THE LOYALIST’S TURN
His years as a stalwart of Jayalalithaa’s naalvar ani (four-man army) have paid Edappadi K. Palanisamy, 62, rich dividends. He was also second in command and PWD minister in the Pannerselvam cabinet. Palanisamy is with Sasikala now and is her man for the chief minister’s post. No one from his Gounder community, also referred to as the Kongu Vellalar Gounders, traditional landowners and farmers from the western districts, has ever held the top post since P. Subbarayan who was chief minister of the erstwhile Madras Presidency (1926-1936).
Palanisamy’s electoral debut came in somewhat similar circumstances to what the AIADMK is facing now, split into two factions, one headed by party founder M.G. Ramachandran’s widow Janaki and the other by rebel J. Jayalalithaa. He joined the Jayalalithaa group and won the Edappadi assembly seat in the 1989 polls. He has won three of the five assembly polls he contested and was also Lok Sabha MP from Tiruchengode in 1998. He’s also said to have vast financial resources with MLA K.A. Sengottaiyan, a strongman from the western districts, serving as a mentor. Which maybe why he was chosen, as someone who can stand up to the Thevars and even take on Panneerselvam if it comes to the crunch.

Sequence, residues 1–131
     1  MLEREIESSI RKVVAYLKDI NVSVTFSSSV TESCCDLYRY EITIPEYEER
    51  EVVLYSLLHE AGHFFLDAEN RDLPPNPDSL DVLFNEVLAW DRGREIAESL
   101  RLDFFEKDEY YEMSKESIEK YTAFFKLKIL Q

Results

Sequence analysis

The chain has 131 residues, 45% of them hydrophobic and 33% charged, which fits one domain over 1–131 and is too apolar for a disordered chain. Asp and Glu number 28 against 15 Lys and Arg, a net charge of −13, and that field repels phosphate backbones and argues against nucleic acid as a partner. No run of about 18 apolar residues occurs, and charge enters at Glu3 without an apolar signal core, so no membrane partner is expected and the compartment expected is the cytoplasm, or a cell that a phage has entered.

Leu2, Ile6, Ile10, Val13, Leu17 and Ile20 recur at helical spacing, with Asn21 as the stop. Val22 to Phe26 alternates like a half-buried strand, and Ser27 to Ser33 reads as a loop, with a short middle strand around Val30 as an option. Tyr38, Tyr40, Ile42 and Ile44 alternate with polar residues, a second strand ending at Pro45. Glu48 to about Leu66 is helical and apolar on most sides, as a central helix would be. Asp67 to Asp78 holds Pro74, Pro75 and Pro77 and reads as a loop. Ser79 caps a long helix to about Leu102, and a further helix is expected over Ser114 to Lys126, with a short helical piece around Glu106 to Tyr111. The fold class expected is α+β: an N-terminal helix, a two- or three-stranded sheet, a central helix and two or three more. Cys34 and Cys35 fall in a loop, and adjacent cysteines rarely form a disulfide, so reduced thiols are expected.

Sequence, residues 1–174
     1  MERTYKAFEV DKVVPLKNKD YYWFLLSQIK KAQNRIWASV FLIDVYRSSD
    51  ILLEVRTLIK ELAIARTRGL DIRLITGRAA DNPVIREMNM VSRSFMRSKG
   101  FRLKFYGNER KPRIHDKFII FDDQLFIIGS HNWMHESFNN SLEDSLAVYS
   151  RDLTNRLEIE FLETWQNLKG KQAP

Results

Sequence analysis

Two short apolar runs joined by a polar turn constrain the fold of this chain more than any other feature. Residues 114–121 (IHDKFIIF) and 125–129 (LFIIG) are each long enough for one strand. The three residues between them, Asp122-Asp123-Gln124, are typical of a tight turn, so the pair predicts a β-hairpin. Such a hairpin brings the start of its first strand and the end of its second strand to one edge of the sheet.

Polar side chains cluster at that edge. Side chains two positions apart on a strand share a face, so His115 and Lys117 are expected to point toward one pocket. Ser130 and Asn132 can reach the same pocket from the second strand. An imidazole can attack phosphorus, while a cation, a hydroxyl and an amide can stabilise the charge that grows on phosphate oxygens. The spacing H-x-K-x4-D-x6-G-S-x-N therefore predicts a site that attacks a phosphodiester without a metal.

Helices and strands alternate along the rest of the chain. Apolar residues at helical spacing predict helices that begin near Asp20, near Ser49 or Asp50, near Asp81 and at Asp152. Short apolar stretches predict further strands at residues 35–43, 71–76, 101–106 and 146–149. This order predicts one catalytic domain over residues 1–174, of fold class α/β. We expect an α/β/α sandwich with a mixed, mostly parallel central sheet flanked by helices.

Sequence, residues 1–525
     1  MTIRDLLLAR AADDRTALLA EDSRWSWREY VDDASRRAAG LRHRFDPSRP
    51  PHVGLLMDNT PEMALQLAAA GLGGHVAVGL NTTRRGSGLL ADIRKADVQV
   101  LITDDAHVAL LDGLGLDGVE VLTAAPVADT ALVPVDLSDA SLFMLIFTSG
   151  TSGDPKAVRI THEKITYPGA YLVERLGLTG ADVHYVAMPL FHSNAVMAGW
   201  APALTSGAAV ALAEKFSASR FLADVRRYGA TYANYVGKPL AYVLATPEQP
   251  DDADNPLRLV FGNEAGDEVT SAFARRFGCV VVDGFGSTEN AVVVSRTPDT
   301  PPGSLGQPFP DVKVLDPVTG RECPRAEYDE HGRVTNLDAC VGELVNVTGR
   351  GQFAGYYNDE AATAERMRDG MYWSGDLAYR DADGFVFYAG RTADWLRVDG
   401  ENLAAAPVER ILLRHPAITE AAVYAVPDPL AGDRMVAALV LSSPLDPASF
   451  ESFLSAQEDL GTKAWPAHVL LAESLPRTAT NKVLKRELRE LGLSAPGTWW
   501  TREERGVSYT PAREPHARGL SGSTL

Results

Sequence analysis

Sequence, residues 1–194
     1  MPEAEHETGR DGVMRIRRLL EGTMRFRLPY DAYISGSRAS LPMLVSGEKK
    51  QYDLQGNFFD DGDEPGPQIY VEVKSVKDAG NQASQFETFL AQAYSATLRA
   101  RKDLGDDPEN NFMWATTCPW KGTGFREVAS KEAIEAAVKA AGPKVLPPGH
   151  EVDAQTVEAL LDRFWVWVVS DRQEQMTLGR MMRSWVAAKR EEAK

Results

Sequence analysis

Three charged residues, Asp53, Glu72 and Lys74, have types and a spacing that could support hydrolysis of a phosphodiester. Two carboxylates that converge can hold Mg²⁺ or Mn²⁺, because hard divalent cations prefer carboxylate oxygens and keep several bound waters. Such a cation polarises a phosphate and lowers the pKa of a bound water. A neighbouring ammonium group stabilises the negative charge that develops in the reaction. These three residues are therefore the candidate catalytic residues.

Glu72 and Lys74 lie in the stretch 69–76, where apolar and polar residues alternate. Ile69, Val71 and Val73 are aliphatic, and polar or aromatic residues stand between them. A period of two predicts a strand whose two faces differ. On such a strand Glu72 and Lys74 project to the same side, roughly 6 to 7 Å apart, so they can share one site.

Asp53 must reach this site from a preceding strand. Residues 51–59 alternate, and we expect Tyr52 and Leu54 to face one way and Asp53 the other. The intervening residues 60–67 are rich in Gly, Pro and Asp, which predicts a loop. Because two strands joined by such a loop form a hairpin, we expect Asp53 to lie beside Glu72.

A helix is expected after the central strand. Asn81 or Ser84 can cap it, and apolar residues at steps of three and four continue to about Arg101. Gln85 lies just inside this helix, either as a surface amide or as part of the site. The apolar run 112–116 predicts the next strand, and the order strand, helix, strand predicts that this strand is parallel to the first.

The soft-spoken Palanisamy’s sway in the Gounderdominated western districts was the most important factor that tilted the scales in favour of the AIADMK in the 2016 polls. The party won 45 of the 57 seats from here. In his home district, Salem, the party won 10 of the 11 seats.
While rallying the MLAs from western Tamil Nadu may be his primary task, Palanisamy will have many other challenges: to ensure there is no infighting in the Gounder group and also deal with the extended Sasikala family. Like most other AIADMK leaderministers, he too comes with baggage. Corruption charges, publicised or not, could prove to be a burden.
THE NOMINEE Palanisamy talks to the media in Chennai after being elected legislature party leader